Try to determine why the patient couldn't void. She may have recent trauma to the perineum or vagina, which caused swelling in the area of the bladder or urethra, obstructing flow. She may have a pelvic mass (ovarian cyst, uterine fibroids, pregnancy, etc.) which has distorted the anatomy and functionally blocked the urethra. She may have herpes and cannot urinate because of the severe pain, which is caused by urine flowing over open ulcers.
Outside of postpartum or post-surgical circumstances, being unable to urinate is very rare in women, and not a good sign. Urinary retention is a common presentation of MS. If it does not respond to 5 days of Foley placement, urologic consultation/evaluation is needed.
There are four primary forms of urinary incontinence:
1) Loss of urine when coughing, sneezing or straining ("stress urinary incontinence").
2) Sudden, involuntary loss of urine accompanied by urgency (unstable bladder, irritable bladder, detrusor dyssynergia).
3) Involuntary loss of urine upon rising or standing.
4) Involuntary loss of urine at unpredictable times, not associated with urgency, frequency or other activities.
If a woman's bladder is full enough and she strains hard enough, some urine will escape, due to the shortness of her urethra, the fragility of the normal continence mechanism, and its vulnerability to trauma during intercourse and childbirth.
Genuine stress incontinence which occurs more or less daily and requires the patient to wear a pad to avoid soiling her clothing will require gynecologic or urologic consultation and usually surgery to repair the anatomic defect.
Lesser degrees of stress incontinence can be treated by:
Evaluation of the irritable bladder will require gynecologic consultation, but a number of simple things can be done to relieve the symptoms while awaiting consultation. Eliminating caffeine, alcohol, and tobacco from the diet will reduce the stimulation of the bladder wall. "Double voiding" (emptying the bladder, waiting 10-15 minutes and then emptying the bladder again) will help fully empty the bladder and will reduce the stimulus. A course of oral antibiotic may eliminate any subclinical infection. Smooth muscle relaxants may also be helpful.
Unpredictable Urine Loss
In women of child-bearing age, cystitis is the most frequent cause of this distressing symptom in which a patient suddenly has a powerful urge to urinate. Bladder infection is usually accompanied by urinary frequency and painful urination. The bladder is tender to palpation and urine culture is positive (>100,000 colonies/ml). Urine "dipstick" will be positive for bacteria, nitrates and leukocyte esterase in the typical case.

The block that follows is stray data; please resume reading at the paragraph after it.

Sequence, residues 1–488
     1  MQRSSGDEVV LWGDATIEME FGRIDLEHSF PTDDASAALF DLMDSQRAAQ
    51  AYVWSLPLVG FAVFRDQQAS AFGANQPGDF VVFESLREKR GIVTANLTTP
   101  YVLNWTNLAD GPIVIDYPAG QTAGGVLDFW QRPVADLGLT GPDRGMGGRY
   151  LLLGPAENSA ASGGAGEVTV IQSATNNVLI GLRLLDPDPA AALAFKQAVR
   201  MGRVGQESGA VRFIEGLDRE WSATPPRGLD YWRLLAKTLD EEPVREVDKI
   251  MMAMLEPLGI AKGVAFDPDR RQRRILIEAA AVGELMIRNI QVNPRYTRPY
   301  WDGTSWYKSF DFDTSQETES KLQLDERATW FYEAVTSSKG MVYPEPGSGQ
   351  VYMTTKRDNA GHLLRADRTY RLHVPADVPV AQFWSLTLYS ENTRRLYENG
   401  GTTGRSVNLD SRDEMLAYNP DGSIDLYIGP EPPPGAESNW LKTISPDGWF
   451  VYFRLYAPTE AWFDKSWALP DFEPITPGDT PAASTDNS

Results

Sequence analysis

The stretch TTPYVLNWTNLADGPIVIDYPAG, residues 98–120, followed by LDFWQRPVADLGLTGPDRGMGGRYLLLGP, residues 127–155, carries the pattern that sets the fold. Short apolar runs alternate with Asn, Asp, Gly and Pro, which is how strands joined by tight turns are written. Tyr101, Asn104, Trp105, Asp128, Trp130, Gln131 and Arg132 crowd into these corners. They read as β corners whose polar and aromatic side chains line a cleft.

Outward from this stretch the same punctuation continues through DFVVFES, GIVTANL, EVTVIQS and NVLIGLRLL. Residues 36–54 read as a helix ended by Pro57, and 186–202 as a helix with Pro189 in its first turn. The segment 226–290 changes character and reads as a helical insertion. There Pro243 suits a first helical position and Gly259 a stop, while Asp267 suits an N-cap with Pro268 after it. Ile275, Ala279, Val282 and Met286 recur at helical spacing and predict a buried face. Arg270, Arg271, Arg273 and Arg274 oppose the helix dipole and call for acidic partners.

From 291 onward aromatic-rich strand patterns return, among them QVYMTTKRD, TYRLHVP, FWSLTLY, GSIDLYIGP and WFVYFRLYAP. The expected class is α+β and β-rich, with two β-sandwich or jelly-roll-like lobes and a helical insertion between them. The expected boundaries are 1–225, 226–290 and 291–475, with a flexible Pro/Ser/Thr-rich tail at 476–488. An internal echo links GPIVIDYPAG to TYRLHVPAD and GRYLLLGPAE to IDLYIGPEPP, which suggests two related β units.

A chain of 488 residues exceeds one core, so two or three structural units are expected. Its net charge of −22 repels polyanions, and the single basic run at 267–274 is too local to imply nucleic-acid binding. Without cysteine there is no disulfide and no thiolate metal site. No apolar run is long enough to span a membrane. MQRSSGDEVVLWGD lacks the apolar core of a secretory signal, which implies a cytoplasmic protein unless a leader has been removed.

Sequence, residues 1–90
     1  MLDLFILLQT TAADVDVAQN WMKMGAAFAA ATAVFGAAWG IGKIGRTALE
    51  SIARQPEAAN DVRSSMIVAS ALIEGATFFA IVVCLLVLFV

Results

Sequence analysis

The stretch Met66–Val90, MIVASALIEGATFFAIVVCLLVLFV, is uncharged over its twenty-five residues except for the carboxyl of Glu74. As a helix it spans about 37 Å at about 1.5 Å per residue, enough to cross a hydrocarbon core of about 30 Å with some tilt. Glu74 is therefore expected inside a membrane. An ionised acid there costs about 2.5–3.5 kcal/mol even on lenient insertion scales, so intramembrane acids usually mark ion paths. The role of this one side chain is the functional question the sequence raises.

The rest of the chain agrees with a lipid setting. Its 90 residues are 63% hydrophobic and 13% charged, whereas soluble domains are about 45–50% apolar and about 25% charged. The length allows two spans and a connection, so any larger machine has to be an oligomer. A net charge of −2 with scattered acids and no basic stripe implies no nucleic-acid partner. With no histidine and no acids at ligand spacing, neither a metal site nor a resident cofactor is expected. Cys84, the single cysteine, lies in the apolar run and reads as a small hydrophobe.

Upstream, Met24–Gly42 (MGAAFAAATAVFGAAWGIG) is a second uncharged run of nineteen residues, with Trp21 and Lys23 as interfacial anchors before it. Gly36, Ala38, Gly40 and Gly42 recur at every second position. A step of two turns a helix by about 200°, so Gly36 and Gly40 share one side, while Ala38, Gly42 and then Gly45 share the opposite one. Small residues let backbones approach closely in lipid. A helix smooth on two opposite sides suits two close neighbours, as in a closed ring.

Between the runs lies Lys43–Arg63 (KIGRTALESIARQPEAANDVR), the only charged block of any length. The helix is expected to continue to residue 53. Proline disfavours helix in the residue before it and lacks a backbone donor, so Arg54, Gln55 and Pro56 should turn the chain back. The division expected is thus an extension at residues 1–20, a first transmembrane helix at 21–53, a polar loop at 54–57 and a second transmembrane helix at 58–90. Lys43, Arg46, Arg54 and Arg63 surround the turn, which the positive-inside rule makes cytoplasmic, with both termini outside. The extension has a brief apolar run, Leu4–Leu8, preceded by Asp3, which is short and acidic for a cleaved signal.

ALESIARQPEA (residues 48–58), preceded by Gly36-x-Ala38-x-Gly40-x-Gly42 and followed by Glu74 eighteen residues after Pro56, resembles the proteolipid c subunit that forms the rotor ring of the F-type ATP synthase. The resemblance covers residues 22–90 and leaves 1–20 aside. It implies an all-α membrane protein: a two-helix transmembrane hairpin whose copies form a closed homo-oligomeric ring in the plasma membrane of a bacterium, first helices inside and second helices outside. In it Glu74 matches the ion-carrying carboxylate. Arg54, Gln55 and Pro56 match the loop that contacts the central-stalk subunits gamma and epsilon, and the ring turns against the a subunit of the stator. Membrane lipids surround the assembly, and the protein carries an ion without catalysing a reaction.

Treatment involves an oral broad-spectrum antibiotic (Gantrisin, Bactrim, ampicillin, Keflex, Macrodantin, etc.). If all symptoms resolve, no further evaluation is necessary. Persistent symptoms will usually necessitate a gynecologic or urologic consultation.
Women with an "irritable bladder" will complain that when they suddenly get the urge to urinate, they must find a bathroom within 1-2 minutes or else they will actually lose urine involuntarily. Evaluation of the irritable bladder will require gynecologic consultation, as described above.
These infections are characterized by CVA pain or tenderness, chills, fever, lassitude, and sometimes nausea and vomiting. They may be preceded by cystitis or may come without warning.
Treatment is vigorous antibiotic therapy (frequently IV antibiotics because of the seriousness of the illness) and brisk fluid intake (IV or PO).
Severe, acute, colicky, unilateral flank pain usually marks the passing of a kidney stone. The pain is:
While passing stones is very unpleasant for the patient, it is not life threatening. Only in the event of upper tract infection or a solitary kidney is the obstruction associated with a passing stone a true medical emergency. In the absence of these two factors, the goal of treatment is pain relief and hydration.
Appropriate work-up of kidney stones depends on the patient presentation and available facilities. In the absence of fever or other evidence of UTI, treat the patient empirically with IV hydration and IV pain medications (Torodol or morphine). Oral pain medication is usually appropriate following this therapy.
If the patient does not pass a stone, an intravenous pyelogram (IVP) within 30 days of presentation is considered timely unless the patients condition deteriorates. If the diagnosis is in question, a spiral CT scan is the diagnostic tool of choice, as abnormalities other than kidney or ureteral stones are often visible. An IVP, however, provides functional as well as diagnostic information, and the diuresis from the contrast load may encourage passing of the stone.
OB-GYN 101: Introductory
Obstetrics & Gynecology